How academia can become more beneficial to Egypt

Knowledge is the foundation of any nation that desires to achieve true progress! Although knowledge in itself constitutes the highest aspiration for any human being, nations should have a different goal; that of optimizing knowledge to best serve their citizens – which is not the case in Egypt. Knowledge is our lifeblood and our government should ensure that it continues to flow and flourish.

In Egypt, the education system and business operation are two completely different dynamics. Far from benefitting one another, they tend to pursue separate paths that cross only once every summer when university graduates eagerly seeking employment pour onto the job market. Meanwhile, companies are looking to hire employees with specific skills and personalities that are appropriate to the real-life work environment, irrespective of their scholastic knowledge.

The academia challenge in Egypt does not concern the various courses of study on offer; rather, it lies in the prevalent attitude toward education wherein many faculty members believe that academically successful students are an achievement per se – regardless of whether or not their studies eventually benefit their respective communities. No one in our education system is interested in exploring the relevancy or the suitability of subjects taught at our universities to the needs of the work market.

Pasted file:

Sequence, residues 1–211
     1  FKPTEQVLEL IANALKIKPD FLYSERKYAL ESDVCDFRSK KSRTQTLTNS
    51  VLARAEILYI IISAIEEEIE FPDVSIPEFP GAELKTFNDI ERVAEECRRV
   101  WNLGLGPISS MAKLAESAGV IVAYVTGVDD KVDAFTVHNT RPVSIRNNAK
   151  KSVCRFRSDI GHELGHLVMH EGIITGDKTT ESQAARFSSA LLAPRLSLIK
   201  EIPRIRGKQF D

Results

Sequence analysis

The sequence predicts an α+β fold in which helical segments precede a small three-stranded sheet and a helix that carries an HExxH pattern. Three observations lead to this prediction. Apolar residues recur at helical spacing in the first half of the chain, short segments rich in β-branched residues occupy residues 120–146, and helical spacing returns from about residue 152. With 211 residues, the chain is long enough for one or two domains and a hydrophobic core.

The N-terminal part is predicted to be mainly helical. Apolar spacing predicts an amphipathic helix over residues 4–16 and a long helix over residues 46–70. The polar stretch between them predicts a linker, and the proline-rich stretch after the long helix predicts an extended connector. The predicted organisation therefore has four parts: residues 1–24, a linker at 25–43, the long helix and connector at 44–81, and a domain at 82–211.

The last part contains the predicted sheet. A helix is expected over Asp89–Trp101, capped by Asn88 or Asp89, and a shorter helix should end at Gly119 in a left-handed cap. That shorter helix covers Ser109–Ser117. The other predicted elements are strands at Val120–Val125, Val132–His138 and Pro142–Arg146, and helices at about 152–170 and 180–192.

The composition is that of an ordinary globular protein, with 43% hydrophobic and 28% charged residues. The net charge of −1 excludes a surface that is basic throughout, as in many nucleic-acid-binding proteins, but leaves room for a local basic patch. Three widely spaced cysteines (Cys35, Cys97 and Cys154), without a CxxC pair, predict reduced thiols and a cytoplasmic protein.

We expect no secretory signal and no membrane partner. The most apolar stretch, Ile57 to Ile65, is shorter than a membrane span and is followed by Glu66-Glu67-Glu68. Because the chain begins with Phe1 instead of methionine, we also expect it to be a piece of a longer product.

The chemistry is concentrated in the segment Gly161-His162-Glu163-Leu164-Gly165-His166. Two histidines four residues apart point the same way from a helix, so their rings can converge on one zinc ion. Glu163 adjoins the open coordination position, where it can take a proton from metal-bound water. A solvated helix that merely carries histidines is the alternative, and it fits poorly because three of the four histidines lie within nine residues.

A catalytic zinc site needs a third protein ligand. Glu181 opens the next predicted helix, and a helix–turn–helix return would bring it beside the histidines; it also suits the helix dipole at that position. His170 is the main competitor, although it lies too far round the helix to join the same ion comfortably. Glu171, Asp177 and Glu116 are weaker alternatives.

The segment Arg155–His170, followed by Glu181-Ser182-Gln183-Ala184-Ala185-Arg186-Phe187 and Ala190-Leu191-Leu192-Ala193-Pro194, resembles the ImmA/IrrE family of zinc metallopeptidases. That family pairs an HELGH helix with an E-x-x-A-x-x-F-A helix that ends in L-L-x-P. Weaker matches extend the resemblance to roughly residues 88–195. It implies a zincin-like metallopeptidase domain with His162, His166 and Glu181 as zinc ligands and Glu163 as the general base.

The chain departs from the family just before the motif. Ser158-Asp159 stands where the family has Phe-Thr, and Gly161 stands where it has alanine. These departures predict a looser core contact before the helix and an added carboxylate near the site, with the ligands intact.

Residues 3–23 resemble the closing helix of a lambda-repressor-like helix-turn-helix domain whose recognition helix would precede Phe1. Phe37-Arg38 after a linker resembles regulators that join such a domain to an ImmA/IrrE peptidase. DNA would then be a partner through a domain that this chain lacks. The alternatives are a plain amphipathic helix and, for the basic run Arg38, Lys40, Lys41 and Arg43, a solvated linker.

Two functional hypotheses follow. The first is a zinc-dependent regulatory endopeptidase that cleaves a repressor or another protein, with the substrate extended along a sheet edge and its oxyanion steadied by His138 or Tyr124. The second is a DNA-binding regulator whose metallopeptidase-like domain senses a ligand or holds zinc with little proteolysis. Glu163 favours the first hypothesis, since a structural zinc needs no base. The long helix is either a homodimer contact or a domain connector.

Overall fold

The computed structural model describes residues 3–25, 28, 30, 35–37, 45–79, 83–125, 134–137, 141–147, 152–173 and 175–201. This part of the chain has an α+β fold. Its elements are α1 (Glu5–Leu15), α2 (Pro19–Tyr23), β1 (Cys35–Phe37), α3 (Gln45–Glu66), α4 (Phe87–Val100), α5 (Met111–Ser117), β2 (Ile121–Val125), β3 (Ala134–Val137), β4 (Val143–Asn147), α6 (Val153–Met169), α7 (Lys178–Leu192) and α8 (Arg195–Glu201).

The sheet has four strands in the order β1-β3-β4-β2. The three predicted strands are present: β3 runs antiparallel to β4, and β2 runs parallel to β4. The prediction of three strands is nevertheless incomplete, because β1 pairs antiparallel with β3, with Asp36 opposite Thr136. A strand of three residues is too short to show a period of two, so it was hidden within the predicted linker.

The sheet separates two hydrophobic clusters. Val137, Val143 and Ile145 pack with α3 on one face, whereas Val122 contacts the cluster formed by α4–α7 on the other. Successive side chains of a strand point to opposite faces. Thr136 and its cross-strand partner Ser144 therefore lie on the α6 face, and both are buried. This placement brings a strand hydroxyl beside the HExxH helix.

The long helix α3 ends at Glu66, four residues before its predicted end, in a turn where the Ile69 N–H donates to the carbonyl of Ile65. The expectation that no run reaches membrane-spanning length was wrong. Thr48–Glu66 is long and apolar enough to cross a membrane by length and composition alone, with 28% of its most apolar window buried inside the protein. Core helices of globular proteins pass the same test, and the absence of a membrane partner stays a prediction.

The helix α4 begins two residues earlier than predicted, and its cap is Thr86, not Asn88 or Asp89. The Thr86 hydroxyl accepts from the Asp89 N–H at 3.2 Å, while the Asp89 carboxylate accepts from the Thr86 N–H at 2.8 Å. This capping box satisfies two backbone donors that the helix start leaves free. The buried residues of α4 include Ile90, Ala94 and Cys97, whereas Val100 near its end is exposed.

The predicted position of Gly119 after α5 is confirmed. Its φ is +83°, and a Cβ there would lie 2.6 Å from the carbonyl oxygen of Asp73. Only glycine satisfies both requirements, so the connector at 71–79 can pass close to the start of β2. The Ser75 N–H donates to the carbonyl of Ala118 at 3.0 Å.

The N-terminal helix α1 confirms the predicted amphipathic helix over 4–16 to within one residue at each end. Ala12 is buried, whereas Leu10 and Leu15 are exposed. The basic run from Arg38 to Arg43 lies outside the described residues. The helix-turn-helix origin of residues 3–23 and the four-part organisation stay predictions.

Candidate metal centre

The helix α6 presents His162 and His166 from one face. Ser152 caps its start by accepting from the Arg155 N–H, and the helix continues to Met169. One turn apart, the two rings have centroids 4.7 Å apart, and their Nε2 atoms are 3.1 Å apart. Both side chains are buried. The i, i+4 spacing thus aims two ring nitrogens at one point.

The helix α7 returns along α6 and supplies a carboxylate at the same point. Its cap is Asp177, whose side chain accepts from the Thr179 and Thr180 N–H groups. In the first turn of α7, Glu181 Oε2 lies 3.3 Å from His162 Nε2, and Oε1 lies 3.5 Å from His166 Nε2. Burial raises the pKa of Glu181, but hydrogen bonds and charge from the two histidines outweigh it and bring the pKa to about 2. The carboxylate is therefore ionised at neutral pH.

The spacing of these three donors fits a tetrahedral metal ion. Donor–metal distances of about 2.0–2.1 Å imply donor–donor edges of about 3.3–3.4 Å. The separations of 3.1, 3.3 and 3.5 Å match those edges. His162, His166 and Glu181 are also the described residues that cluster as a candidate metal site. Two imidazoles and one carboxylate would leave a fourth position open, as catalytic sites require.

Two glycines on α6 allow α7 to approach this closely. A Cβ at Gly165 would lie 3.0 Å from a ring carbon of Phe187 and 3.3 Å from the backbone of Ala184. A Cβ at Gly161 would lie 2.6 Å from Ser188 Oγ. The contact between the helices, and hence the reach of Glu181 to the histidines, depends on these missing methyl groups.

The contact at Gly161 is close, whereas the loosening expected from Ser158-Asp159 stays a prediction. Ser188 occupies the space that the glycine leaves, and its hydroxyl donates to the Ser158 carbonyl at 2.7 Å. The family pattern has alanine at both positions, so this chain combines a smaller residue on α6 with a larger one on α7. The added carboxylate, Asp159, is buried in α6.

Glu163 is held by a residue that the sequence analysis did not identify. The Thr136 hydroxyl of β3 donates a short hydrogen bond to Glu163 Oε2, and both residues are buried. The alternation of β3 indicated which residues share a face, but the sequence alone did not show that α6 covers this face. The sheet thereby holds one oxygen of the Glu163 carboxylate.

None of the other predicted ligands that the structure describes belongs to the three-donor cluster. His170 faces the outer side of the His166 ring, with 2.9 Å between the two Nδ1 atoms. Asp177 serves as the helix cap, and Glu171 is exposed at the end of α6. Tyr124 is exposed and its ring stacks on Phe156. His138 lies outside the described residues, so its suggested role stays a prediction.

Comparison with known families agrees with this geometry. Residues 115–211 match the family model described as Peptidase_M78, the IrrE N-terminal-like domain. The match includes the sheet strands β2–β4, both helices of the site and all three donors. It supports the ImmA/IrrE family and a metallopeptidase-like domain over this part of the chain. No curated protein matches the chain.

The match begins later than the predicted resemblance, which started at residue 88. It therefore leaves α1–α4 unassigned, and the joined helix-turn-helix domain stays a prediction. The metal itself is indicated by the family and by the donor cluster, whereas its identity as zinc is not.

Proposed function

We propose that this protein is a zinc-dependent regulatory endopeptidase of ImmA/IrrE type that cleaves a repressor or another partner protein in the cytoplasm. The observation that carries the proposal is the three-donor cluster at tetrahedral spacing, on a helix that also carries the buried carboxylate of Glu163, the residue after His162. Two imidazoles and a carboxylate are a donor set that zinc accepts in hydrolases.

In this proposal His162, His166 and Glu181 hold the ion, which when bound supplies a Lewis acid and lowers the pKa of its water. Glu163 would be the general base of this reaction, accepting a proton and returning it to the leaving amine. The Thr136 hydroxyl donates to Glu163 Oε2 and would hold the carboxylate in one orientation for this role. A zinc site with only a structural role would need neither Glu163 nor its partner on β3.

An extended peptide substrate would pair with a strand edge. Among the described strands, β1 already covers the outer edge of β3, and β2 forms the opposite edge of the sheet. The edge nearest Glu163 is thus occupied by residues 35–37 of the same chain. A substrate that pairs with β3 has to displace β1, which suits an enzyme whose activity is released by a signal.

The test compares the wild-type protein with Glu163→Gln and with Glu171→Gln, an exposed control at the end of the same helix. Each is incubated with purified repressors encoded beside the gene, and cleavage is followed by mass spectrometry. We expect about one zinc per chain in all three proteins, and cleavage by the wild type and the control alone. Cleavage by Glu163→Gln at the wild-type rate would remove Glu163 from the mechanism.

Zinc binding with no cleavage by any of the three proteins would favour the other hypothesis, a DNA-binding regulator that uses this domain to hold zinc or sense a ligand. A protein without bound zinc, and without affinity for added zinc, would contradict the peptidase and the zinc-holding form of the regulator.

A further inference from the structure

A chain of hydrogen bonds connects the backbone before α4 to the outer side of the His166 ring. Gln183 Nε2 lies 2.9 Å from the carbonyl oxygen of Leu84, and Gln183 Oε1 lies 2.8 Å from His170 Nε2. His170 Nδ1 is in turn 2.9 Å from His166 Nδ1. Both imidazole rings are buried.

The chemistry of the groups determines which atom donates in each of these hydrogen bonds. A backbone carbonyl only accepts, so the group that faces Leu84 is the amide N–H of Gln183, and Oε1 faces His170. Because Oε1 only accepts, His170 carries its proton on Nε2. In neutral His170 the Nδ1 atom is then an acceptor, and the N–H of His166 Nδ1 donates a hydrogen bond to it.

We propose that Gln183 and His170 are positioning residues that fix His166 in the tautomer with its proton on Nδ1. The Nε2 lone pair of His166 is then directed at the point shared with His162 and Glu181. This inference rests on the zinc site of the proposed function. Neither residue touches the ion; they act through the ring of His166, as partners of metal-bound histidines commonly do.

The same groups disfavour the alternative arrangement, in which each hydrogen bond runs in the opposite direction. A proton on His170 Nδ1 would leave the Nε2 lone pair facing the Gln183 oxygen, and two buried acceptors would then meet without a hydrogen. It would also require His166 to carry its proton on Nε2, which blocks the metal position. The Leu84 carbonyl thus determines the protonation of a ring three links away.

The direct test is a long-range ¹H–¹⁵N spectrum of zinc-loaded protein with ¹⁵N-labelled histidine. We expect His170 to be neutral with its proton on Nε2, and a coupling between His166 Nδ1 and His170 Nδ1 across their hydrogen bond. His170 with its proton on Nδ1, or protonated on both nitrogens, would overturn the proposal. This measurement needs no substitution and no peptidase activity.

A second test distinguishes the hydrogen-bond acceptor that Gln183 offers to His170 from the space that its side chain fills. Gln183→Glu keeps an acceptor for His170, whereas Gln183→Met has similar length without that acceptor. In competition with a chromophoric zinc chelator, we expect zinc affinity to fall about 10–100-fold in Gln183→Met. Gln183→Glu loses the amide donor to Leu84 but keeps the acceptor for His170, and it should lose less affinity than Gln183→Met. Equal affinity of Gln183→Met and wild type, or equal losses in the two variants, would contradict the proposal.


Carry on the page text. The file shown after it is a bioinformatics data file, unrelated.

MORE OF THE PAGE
The success of Egyptian private enterprises is due to their talent for maximizing their profits in a ruined market that works with a mechanism and tools that have nothing to do with knowledge. Thus, rather than hiring graduates who can make use of the advanced knowledge they acquired at universities to better serve their employers, these enterprises look for new graduates who can fit into their working structures.

Meanwhile, our high school graduates, supported by their families, often make the mistake of enrolling in faculties determined either by their school degree grades or based on unrealistic emotional desires. At that age, students cannot make mature choices and are not familiar with the reality of work demands, while their parents often want to impose their own narrow personal educational desires. This dilemma results in having hundreds of thousands Egyptian university graduates every year who are searching for a job that is frequently not linked to their studies.